Directed by John Michael McDonagh
Starring Alexander Skarsgard, Michael Pena, Theo James, Tessa Thompson, Caleb Landry Jones, Stephanie Sigman, Paul Reiser
The title says it all – the latest offering from Irish director, John Michael McDonagh (The Guard, Calvary) delights in offending every possible subset of humanity in telling its tale of two corrupt and venal Albuquerque cops who bite off more than they can chew. And yet, below the gleeful nihilism lies a clear-eyed humanism that tempers the often brutally cynical goings-on with an honest but unsentimental love for its characters.
Bob (Michael Pena) and Terry (Alexander Skarsgard) use their positions on the force to line their own pockets, ripping off local crims and barely concealing their contempt for the whole artificial construct of the legal system when their harried captain (Paul Reiser) weakly tries to get them to toe the line. When they get wind of a botched racetrack robbery they see an opportunity to really make some money by leaning on one of the surviving thieves, but this brings them into the orbit of “Lord” James Mangan (Theo James): criminal mastermind, louche sybarite, and a truly dangerous and unpredictable opponent. Although still ostensibly acting in their own interests (there’s a lot of money in the offing), taking down the predatory Mangan might actually constitute an act of goodness – if the two can survive.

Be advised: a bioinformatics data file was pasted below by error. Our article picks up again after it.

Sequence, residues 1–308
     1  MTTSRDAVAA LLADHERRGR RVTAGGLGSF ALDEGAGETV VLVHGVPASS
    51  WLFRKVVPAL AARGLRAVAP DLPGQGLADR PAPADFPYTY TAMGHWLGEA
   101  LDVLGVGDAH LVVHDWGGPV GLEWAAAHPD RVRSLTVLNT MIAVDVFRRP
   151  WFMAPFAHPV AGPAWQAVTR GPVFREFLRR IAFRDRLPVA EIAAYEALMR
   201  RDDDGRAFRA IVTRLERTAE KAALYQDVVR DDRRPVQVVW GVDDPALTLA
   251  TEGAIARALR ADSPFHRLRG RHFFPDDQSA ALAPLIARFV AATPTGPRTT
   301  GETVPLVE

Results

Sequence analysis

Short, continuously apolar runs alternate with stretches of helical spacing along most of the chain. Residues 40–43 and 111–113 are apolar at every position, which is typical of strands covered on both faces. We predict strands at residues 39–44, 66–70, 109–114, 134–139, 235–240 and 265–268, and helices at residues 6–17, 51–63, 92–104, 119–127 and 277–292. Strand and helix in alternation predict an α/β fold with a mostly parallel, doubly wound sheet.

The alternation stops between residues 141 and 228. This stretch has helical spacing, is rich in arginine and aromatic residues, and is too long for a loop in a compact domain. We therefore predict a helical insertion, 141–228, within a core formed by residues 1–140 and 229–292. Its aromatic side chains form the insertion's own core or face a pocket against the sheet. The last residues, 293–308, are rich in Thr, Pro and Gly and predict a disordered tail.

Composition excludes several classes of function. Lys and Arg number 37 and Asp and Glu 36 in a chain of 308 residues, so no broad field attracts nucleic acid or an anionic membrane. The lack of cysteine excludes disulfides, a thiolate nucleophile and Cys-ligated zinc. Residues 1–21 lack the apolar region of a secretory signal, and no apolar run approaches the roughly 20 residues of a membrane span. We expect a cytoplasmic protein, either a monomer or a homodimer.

The obvious antecedent is Lethal Weapon, the prime ’80s buddy cop movie, even if it wasn’t, strictly speaking, McDonagh’s intention (he claims to have never watched it twice). Here, though, the upright family man (Bob) swears at his kids and breaks their toys when they bug him, while the cop on the edge (Terry) is an alcoholic abuse survivor who carries himself like a whipped dog (Skarsgard’s hunched posture speaks volumes). It’s little wonder that, when an abused kid is turned up in the course of their caper, they start thinking beyond their own atavistic desires.
Ultimately, War on Everyone becomes about family of choice, an idea often expressed by crime writer and lawyer Andrew Vachss. We see Terry struggle to build something meaningful with Tessa Thompson’s too-smart-for-all-this love interest, while Bob, his repeated labeling of his kids as “fat fucks” aside, is pretty much doing all this for his family (and the joys of railing coke with snitches and running down larcenous mimes). Like Bad Santa before it, War on Everyone deals in a kind of soulful misanthropy. Certainly, the surface details are entertaining enough, if you like your comedy black and caustic AF, but it’s what’s happening under the hood that makes this one a keeper.